Only Indonesia’s Top 3 Parties Must Get Presidential Picks: NasDem
The fledgling National Democrat Party has proposed scrapping the presidential threshold as a means of determining which parties can nominate presidential candidates, saying instead that only the top three parties in the legislative election should qualify.
Ferry Mursyidan Baldan, head of the elections team at the party known as NasDem, argued on Monday that the presence of a threshold would continue to fuel the political horse-trading that often sees disparate parties join forces in order to meet the requirement for nominating a president.
“No matter if the threshold is 15 percent, 20 percent or whatever, it will always provide justification for parties to barter their support,” he said. “That’s why we’re calling for the threshold system to be scrapped altogether.”
Under the current system, only parties or coalitions that win a combined minimum of 20 percent of votes in the legislative elections may nominate a candidate to run in the subsequent presidential election.
Ferry said that to simplify the process and end the political back room deals, NasDem was proposing that only the top three parties from the legislative elections should be allowed to nominate presidential candidates.
He suggested that other parties would be allowed to back the top three, but not allowed to name their own picks.
“If our recommendation is accommodated, we hope it can also be implemented at the regional level, so that only the top three parties in a given region will be allowed to nominate candidates for mayor, district head or governor,” Ferry said.
The proposal has been welcomed by the Golkar Party, the party currently polling as the favorite to come out on top in the 2014 legislative elections.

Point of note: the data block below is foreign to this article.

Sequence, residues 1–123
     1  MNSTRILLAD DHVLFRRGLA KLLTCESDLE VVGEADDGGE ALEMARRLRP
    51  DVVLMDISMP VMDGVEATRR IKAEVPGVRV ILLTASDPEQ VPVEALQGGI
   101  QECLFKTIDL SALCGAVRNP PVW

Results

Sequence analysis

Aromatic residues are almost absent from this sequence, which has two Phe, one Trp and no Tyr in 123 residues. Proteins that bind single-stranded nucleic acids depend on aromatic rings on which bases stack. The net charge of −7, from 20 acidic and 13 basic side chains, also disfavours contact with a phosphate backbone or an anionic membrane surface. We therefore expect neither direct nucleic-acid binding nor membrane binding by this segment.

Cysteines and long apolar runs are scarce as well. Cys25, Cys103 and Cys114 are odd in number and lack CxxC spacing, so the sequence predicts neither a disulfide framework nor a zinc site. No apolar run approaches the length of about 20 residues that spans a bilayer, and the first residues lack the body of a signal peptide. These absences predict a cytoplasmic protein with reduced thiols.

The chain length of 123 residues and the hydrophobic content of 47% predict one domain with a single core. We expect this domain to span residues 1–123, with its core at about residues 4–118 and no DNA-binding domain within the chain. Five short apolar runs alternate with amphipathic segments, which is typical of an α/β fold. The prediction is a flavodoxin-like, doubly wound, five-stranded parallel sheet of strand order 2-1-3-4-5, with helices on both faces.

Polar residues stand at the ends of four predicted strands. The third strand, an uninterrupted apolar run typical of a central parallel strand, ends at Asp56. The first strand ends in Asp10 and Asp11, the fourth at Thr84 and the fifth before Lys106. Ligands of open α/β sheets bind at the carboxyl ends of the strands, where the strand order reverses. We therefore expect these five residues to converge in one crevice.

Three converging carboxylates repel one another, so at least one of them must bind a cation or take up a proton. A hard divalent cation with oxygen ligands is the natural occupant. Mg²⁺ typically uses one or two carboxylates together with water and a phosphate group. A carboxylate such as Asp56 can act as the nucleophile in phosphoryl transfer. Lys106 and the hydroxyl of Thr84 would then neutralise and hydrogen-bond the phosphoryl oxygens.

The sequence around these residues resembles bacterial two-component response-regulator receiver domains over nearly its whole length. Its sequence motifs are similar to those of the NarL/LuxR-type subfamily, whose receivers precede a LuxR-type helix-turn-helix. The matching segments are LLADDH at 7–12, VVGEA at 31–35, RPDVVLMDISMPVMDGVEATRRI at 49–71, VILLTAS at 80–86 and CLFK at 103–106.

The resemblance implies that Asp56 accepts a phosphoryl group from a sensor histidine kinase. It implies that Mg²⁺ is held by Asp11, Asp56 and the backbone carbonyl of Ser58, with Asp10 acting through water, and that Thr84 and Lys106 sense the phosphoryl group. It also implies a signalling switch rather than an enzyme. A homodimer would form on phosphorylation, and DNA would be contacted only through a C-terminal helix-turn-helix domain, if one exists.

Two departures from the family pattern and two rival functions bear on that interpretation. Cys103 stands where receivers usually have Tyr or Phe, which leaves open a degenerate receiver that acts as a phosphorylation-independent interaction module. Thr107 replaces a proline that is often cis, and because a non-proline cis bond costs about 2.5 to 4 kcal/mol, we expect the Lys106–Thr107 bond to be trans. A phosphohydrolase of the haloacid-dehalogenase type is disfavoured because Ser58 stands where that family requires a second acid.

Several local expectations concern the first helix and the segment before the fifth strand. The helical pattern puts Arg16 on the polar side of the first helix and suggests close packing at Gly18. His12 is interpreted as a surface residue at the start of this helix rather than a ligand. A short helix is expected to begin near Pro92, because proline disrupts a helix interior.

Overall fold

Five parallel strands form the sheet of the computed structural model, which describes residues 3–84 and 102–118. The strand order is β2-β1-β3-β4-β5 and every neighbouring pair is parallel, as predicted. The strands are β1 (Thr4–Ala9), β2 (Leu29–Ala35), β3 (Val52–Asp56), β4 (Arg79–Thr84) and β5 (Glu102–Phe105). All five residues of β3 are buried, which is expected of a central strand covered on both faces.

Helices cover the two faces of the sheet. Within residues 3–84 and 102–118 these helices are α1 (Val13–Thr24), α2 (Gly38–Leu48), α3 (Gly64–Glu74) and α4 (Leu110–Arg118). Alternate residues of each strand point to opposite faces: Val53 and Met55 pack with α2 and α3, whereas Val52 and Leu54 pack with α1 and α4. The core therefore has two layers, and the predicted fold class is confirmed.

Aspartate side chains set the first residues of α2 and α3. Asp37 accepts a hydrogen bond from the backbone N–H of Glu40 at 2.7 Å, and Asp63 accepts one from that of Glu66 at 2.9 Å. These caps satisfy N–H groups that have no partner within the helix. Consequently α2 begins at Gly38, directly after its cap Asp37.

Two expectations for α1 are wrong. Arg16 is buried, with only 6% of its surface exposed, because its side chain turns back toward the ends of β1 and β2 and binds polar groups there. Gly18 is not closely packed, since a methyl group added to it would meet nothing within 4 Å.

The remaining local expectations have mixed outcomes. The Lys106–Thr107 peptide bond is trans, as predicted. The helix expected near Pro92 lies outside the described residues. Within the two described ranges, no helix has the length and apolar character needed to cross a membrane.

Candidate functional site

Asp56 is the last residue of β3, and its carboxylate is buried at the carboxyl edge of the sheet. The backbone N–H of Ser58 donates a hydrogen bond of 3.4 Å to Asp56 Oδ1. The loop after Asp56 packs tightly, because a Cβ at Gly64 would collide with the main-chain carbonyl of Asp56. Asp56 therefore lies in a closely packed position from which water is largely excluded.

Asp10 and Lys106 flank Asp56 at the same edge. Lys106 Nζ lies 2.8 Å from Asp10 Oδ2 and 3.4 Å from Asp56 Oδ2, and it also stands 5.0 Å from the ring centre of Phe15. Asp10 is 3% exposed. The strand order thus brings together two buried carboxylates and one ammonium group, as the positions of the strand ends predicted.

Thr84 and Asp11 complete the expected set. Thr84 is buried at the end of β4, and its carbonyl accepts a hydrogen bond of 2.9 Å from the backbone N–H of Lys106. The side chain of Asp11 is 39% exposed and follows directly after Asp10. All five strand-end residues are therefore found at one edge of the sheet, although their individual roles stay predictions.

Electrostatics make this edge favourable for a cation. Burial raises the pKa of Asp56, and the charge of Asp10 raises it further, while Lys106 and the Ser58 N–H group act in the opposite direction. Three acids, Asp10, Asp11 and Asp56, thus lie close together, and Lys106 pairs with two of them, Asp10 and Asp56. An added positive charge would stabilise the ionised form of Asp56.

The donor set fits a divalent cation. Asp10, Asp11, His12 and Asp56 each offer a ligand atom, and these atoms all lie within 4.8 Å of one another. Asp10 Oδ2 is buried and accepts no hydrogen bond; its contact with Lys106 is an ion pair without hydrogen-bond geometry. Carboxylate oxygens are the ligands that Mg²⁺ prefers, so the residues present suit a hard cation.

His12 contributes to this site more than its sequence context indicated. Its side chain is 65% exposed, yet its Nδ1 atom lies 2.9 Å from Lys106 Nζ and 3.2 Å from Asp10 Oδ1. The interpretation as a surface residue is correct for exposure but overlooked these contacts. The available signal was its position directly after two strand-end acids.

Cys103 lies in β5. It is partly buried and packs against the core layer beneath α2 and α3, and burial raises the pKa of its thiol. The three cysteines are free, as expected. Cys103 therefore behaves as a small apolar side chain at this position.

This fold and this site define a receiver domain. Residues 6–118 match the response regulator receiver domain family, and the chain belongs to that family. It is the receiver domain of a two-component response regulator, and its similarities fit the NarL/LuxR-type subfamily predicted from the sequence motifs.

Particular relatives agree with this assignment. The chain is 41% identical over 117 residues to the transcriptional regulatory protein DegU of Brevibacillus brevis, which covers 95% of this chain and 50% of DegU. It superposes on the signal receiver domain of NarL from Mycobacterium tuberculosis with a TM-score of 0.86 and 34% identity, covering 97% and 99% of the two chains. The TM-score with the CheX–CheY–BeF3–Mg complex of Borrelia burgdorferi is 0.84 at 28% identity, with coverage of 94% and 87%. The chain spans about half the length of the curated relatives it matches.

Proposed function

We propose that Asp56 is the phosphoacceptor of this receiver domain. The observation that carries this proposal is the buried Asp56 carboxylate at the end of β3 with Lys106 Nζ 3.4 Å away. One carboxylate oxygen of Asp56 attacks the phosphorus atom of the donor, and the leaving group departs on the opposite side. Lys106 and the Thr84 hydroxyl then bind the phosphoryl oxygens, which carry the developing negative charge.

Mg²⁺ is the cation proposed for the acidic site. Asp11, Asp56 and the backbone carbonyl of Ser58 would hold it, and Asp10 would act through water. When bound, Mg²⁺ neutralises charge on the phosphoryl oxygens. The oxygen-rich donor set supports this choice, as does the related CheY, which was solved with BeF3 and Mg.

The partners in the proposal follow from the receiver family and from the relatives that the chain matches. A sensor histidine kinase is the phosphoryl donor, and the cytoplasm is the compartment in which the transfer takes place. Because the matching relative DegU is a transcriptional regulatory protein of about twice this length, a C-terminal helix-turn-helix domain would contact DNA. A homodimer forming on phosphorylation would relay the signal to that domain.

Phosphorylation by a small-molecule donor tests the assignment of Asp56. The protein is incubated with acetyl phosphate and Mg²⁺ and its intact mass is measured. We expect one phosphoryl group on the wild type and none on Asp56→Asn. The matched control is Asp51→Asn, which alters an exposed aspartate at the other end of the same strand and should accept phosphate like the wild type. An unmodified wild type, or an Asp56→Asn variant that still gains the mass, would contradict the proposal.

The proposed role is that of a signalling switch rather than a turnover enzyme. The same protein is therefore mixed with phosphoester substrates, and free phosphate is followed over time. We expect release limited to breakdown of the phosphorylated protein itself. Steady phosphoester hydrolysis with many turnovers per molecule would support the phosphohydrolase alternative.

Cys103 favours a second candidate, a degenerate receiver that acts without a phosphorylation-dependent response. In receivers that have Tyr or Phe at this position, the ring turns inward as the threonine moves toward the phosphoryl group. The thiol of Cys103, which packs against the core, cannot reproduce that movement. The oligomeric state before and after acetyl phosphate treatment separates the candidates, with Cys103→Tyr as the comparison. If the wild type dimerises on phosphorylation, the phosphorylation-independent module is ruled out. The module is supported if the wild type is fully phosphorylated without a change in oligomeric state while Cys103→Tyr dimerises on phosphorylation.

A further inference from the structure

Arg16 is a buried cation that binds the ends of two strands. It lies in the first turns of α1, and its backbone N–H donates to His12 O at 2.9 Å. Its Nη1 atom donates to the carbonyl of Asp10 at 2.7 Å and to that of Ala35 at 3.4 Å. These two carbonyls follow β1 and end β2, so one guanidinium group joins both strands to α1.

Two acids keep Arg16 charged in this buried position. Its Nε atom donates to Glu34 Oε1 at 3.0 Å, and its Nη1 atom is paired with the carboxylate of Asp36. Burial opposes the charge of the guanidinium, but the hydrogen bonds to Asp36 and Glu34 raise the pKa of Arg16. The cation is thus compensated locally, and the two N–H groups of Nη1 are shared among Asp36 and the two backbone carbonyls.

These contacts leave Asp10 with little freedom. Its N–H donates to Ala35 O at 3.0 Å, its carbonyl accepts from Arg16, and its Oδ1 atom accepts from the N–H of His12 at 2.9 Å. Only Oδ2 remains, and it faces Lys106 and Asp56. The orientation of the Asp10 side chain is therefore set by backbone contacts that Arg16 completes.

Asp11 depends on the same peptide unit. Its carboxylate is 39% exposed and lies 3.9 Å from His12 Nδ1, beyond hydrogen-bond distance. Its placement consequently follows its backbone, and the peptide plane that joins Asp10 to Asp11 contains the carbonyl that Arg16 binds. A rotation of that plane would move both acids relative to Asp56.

“The idea [to scrap the threshold] is in line with Golkar’s own proposals raised since the 2004 elections,” said Nurul Arifin, a Golkar deputy secretary general.
A poll of 1,200 people in June by the Indonesian Survey Circle (LSI) showed that 20.9 percent of respondents would vote for Golkar, ahead of the opposition Indonesian Democratic Party of Struggle (PDI-P) with 14 percent and the ruling Democratic Party with 11.3 percent.
Although NasDem’s proposal would still see the same three parties nominating presidential candidates in 2014 as in 2009, some analysts believe that the new party could break into the top three within the next two years at the expense of either the waning Democrats or the stagnant PDI-P.
The proposal, however, has not sat well with smaller parties like the National Mandate Party (PAN), which is intent on nominating its chairman, Hatta Rajasa, for president in 2014.
Bima Arya Sugiarto, chairman of the PAN’s executive board, said that if anything, more parties should be allowed to nominate a candidate, and proposed lowering the threshold to 15 percent.